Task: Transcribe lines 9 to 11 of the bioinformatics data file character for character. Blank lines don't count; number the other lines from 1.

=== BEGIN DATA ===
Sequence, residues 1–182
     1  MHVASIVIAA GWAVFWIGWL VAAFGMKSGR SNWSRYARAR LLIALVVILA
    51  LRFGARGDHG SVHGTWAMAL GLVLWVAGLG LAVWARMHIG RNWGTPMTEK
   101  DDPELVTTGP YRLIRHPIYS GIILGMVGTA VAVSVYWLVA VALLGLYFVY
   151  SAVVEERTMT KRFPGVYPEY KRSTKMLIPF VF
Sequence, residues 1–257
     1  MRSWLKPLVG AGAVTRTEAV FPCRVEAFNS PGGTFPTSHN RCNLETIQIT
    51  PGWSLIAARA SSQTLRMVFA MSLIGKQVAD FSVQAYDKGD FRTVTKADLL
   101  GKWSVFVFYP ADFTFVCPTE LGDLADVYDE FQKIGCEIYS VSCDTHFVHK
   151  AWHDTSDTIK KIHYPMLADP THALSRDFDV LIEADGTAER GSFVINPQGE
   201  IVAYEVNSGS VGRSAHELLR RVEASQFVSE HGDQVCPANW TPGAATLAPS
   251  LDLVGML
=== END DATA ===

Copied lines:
   101  GKWSVFVFYP ADFTFVCPTE LGDLADVYDE FQKIGCEIYS VSCDTHFVHK
   151  AWHDTSDTIK KIHYPMLADP THALSRDFDV LIEADGTAER GSFVINPQGE
   201  IVAYEVNSGS VGRSAHELLR RVEASQFVSE HGDQVCPANW TPGAATLAPS